With the Smithsonian Museums and many of the region’s other museums closed right now, people are exploring some of our neighborhood’s other rich offerings — and history lovers are finding a gem to learn about women’s history and suffrage nearby in Lorton, Va.
What is the Lucy Burns Museum?
The Lucy Burns Museum at the Workhorse Arts Center is new, officially opened in January 2020, and with exhibitions still growing. The Museum tells the story of close to a century of prison history on the site as well as the story of the suffragists who were imprisoned on this spot in 1917 for picketing the White House for women’s right to vote.
At the same site once stood Lorton Correctional facilities, which operated there for a total of 91 years from 1910-2001. The property has been re-purposed to support an innovative and growing arts center, as well as the unique museum, which highlights the place as a pivotal location in the fight for women’s voting rights and the passage of the 19th Amendment.
Among the interesting things to see at the Lucy Burns Museum are a treasure trove of artifacts, displays, and information from this important moment in women’s history in America. Placards are available to explain display items, but extremely knowledgeable docents are also able to share stories and provide historical insights.
Why Lucy Burns?
Lorton’s Lucy Burns Museum was named after Lucy Burns, rather than perhaps better-known suffragettes like Alice Paul, because Burns was actually incarcerated at Lorton. This was a location where many suffragists picketing the White House for women’s right to vote were imprisoned and force-fed.
But those interested in more than the suffrage movement will be fascinated at the Lucy Burns Museum as well, because the exhibits also showcase other civil rights activists and notorious criminals that were at one time imprisoned on site.
Civil Rights Activist Noam Chomsky was jailed on this site for anti-Vietnam War activism in the 60s, and Norman Mailer, who wrote his Pulitzer Prize-winning The Armies of the Night based on the October 1967 Washington peace demonstrations, was fined and jailed there for civil disobedience.
Other famous one-time residents include Chuck Brown, DC’s “Godfather of Go-Go Music,” who learned to read and play music during his eight-year sentence at Lorton in the 1950s — docents will tell you that he traded cigarettes for a guitar. Petey Greene, convicted of armed robbery before his time as an award-winning American television and radio talk-show host, also spent some time inside.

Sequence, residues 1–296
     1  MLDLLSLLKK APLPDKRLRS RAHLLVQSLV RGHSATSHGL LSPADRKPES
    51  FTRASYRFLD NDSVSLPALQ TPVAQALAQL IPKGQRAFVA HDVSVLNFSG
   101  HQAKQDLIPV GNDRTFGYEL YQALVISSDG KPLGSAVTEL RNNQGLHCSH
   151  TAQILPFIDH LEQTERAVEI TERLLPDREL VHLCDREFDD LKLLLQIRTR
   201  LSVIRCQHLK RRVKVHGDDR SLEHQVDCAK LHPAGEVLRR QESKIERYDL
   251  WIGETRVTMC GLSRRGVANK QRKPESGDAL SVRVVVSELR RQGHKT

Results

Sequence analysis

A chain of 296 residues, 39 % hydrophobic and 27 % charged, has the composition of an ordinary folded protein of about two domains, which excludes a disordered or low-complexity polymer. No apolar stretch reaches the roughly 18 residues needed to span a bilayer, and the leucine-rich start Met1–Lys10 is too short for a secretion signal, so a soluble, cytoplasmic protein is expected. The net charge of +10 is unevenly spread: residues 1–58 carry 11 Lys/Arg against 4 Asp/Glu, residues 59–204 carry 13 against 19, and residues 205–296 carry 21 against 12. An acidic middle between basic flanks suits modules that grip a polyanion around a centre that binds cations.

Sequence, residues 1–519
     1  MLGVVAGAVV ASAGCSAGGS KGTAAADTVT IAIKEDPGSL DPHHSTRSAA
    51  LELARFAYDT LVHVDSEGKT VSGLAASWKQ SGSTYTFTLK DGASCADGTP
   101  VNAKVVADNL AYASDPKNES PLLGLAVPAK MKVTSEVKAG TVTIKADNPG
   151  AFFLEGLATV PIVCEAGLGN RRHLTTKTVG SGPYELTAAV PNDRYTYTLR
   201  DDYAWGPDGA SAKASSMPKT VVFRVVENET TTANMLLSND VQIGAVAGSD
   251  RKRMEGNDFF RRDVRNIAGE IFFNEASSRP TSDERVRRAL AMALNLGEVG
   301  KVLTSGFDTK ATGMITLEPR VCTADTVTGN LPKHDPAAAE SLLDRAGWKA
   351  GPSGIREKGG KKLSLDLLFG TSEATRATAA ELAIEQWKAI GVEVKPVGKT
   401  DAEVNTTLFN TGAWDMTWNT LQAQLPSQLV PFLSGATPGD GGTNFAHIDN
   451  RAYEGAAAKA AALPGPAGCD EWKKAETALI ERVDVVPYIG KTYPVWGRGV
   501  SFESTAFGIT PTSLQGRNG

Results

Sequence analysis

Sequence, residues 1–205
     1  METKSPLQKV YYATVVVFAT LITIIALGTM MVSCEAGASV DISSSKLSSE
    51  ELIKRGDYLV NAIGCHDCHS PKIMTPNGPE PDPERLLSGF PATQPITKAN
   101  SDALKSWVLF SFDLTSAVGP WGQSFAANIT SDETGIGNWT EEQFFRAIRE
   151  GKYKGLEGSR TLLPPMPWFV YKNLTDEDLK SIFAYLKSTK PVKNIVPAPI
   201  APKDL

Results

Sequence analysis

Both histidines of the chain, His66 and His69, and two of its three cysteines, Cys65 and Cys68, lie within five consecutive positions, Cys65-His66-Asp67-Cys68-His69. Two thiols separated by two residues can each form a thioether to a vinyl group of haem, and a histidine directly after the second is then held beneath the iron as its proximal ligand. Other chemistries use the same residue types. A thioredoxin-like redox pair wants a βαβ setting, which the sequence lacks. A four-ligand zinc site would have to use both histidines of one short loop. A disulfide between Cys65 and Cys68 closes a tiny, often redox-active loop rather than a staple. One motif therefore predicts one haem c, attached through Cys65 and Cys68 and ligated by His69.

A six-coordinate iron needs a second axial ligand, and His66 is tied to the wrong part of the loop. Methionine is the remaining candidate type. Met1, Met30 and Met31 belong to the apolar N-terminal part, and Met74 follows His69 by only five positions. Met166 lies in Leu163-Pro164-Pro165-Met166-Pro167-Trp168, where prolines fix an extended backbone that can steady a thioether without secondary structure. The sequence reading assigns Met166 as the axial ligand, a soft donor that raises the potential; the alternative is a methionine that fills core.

Years later, some of the people arrested during 1968’s Poor People’s March of Washington spent a few days there. And remarkable performers like Frank Sinatra, Ella Fitzgerald, Cunt Basie, and Duke Ellington performed on the site, even on the ball field in the 50s and 60s.
What is there to see and do?
Guests will be intrigued by historical objects on display, including prison-made tools for farming and industry, wall murals and graffiti, religious items, and a large collection of shivs, shanks, and restraints. Among the most interesting items are personal correspondence, many photographs, and the 1910-1925 prison escape log! You’ll even see the 1916-1919 DC jail logs — plucked from the trash when the prison closed! — which includes the names, offenses, and sentences of all suffragists arrested during the 1917 and 1918 protest periods. This is something you can only see here!
But in addition to the artifacts, the best part about seeing this smaller, intimate museum are the stories that have been quietly archived and known locally. The Lucy Burns Museum is where the history from textbooks can be physically seen, and also where stories that never made it into those books can be passed on and shared.
How can you experience the Lucy Burns Museum?
Entry to the Lucy Burns Museum is free, but tours of the cell area, which we highly recommend, are available for $5 for those over 12 years old (free under 12). Under Virginia Forward Phase II, museum hours are Saturday 12:00 PM – 5:00 PM, but check the website for current hours of operation and tour availability.
And there’s more!
Nearby, construction is being completed on The Turning Point Suffragist Memorial in Fairfax County. Make sure to see this long-awaited national memorial to the women’s suffrage movement when it is unveiled later in Spring 2021.